For scientists listening in on the faint whispers of brain neurons, a first-ever robotic technique for cleaning the tiny devices that record the signals could facilitate a new level of automation in neuroscience research. That could accelerate the gathering of information used to map the functions of brain cells and ultimately provide a better understanding what's going on between our ears.
The technique would be used in a recording method known as patch-clamping, in which a tiny liquid-filled glass pipette is connected to individual neurons. Since patch-clamping was invented three decades ago, the technique has required changing pipettes between recordings — a manual process that slows research. Now, a robotic cleaning technique developed by researchers at the Georgia Institute of Technology allows the pipettes to be reused for as many as 11 recordings — and potentially more — allowing the recording to be more automated.
"This is a step toward revolutionizing the robotic techniques in neuroscience," says Craig Forest, associate professor in Georgia Tech's George W. Woodruff School of Mechanical Engineering. "We want to be able to put samples into our machine and walk away while it records 50 or even 100 neurons. This could enable for neuroscience the kind of research automation we've seen in other fields such as molecular biology, dramatically expanding our ability to listen in on brain signals."
The research is described in "Cleaning Patch-Clamp Pipettes for Immediate Reuse," published in the journal Scientific Reports, and supported by the National Institutes of Health, a part of the U.S. Department of Health and Human Services, and the Allen Institute for Brain Science. Based on their cleaning technique and earlier innovations that automated the process of connecting the pipettes to cells, the Georgia Tech researchers have demonstrated what's believed to be the first robot to perform sequential patch-clamp recording in cell culture, brain slices, and in the living brain — without a human operator.
To share what it's doing, the patch-clamping robot — known as "patcherBot" — has its own Twitter account to automatically report on every cell it records. "This is the first social neuroscience robot," Forest says.
Patch-clamping is the gold standard for stimulating and recording signals from neurons and other cells. It involves touching a glass pipette with a tip just one micron in diameter to the cell membrane, creating a tight seal that provides a direct electrical connection to the insides of the cell. The work is extremely meticulous and time-consuming, though a recent robotic technology termed the Autopatcher, also out of Forest's lab, has automated parts of the process.
Because cellular debris could prevent the tight connection to cells, researchers have had to replace the pipettes with new ones for each recording. But while conducting patch-clamping, graduate research assistant Ilya Kolb began to question the conventional wisdom that the pipettes could not be used more than once. He knew about detergents used to clean laboratory glassware, and set to work assessing whether or not these agents to be used in a robotic cleaning process.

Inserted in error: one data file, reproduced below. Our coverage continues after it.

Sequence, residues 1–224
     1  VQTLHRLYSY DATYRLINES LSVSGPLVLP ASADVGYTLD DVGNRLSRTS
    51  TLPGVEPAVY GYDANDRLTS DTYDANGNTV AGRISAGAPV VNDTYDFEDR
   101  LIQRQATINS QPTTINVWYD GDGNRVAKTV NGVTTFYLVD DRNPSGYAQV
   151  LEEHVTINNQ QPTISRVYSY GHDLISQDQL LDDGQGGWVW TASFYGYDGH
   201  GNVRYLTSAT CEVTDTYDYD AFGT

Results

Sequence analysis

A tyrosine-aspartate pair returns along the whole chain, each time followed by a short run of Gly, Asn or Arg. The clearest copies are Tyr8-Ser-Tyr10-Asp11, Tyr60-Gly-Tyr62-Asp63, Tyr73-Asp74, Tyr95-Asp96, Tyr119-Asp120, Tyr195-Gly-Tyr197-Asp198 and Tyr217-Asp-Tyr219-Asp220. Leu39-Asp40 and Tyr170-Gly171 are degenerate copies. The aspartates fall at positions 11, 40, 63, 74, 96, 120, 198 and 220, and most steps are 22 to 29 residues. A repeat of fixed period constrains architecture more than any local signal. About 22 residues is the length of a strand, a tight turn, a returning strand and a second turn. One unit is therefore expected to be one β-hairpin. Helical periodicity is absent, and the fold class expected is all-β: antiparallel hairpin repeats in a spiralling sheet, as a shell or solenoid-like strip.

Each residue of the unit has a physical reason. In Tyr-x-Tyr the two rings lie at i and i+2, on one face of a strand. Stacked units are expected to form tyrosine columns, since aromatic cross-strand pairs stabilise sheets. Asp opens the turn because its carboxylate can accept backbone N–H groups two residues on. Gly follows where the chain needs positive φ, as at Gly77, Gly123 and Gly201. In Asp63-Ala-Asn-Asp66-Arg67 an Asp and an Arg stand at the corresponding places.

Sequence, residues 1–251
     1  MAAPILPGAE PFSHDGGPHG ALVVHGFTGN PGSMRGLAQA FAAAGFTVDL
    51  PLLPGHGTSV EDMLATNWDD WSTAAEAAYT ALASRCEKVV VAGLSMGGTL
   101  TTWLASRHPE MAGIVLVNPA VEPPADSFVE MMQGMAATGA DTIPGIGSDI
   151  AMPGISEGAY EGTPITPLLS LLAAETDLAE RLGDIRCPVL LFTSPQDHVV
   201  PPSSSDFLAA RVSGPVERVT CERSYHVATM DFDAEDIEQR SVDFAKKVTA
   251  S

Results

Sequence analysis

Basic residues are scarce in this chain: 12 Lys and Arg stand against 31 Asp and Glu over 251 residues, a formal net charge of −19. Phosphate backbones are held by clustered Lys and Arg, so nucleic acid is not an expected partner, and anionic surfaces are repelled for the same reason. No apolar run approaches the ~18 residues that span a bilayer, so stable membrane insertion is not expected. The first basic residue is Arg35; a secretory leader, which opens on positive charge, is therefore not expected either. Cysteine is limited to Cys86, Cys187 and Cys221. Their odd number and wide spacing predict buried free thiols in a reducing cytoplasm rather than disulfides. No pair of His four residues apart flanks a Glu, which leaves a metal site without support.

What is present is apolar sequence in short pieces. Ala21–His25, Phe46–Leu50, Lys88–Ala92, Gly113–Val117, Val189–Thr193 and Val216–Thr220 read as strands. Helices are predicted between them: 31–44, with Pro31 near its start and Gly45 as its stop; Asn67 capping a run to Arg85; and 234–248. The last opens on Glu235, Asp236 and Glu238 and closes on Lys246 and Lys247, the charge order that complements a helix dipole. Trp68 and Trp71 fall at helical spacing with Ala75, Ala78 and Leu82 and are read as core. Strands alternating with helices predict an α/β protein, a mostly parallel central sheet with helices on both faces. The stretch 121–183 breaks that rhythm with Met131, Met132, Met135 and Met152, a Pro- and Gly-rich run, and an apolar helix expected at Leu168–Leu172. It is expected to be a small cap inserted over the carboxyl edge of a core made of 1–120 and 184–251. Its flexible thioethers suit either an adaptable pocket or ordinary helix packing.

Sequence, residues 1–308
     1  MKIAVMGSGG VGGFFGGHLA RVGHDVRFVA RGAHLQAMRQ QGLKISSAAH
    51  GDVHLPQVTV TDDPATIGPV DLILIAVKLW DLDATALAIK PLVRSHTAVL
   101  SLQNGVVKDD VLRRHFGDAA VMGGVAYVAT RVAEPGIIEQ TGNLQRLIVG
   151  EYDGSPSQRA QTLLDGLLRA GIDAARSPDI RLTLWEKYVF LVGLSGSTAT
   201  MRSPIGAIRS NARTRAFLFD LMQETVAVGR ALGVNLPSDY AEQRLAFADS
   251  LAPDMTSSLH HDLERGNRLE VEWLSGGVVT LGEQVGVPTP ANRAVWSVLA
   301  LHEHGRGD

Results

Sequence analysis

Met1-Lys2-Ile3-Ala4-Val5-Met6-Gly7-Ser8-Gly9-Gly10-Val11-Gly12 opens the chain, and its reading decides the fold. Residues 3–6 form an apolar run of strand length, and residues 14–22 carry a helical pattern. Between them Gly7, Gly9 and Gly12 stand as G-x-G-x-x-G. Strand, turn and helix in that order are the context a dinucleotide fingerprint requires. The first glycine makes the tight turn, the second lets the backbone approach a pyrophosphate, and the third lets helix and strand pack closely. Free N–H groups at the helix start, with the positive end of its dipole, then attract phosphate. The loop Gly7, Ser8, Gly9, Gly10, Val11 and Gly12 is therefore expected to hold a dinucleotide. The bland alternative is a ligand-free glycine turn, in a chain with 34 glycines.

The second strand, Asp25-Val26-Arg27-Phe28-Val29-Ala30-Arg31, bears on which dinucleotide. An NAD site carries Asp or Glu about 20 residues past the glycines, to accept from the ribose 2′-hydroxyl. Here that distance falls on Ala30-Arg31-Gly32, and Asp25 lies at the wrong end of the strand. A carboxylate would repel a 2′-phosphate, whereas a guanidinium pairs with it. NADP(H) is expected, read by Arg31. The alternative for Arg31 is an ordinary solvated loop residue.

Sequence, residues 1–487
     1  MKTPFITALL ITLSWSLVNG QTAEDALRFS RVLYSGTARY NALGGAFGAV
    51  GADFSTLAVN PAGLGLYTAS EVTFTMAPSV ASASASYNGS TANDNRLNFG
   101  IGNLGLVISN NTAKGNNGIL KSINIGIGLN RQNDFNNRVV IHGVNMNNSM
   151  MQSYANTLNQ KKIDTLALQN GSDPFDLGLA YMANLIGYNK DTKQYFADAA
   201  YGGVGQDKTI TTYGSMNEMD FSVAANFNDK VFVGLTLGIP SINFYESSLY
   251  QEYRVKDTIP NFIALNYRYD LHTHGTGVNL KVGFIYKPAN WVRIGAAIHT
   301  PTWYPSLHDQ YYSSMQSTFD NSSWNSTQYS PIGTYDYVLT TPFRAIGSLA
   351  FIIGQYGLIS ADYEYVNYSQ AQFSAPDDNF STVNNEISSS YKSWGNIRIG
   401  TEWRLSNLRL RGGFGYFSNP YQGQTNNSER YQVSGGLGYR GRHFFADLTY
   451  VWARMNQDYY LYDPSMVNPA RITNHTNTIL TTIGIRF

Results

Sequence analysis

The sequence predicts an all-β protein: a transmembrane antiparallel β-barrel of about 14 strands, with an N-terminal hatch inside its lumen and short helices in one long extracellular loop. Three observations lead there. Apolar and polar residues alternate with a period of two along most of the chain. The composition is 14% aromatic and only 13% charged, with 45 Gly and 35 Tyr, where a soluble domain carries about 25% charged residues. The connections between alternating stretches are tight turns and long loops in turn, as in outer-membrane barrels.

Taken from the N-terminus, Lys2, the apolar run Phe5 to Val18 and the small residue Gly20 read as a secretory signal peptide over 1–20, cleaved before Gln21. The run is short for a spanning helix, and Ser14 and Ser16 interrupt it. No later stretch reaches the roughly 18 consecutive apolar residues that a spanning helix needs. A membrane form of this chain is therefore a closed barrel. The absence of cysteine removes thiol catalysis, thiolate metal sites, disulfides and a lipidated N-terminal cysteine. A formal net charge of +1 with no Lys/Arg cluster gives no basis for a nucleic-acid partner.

"If you could clean the pipette automatically after each recording, you could just tell the Autopatcher to go back to cells again and again," Forest says. "You wouldn't even have to be in the room anymore. You could set this up before you leave the lab for the day, and when you returned the next morning, you'd have recorded 50 or 100 cells."
Kolb tested eight cleaning solutions and found one — Alconox — which successfully removed the debris. He reprogrammed the software operating the Autopatcher to add cleaning and rinsing steps between each recording. The new robot dips the pipette into a detergent solution located in a well next to the sample, creates a flow of fluid into and back out of the pipette, then moves the pipette to a rinse in a separate well. The entire cleaning process takes about a minute, which is as fast or even faster than a trained human operator.
The researchers compared the quality of the recordings made by the cleaned pipettes to those made with new ones.
"When we patch with a fresh pipette and when we patch with a pipette that has been used and cleaned 11 times, the results are basically indistinguishable," Kolb says. "We do see some degradation after 14 or more attempts, but we're hopeful that with improvements in the technique, we could reuse pipettes as many as 50 or 100 times."
Working with researchers at Emory University, the technique was tested to determine whether any remaining detergent residue could affect living cells. Results of the testing, supplemented with mass spectroscopy studies of the pipette fluid, found no adverse implications.
Georgia Tech has filed for patent protection on the new robotic technique, which allows technicians to simply choose the cells to be recorded using a microscope view — then let the machine work. The researchers hope the technique can be commercialized for use not only by the thousands of labs currently using patch-clamping, but also used to expand automated applications more broadly for pharmaceutical testing and other research.
"If we can put this technology into a piece of equipment and have all the smarts provided by software, it could really democratize this area of research," Forest says. "That's where we're headed in building tools that will make new science possible."
The Scientific Reports article was authored by Ilya Kolb, W.A. Stoy, E.B. Rousseau, O.A. Moody, A. Jenkins, and C.R. Forest.
This research was supported by NIH Computational Neuroscience Training grant (DA032466-02) and BRAIN Initiative awards (U01-MH106027-01, R01-EY023173, R44-NS083108-03).
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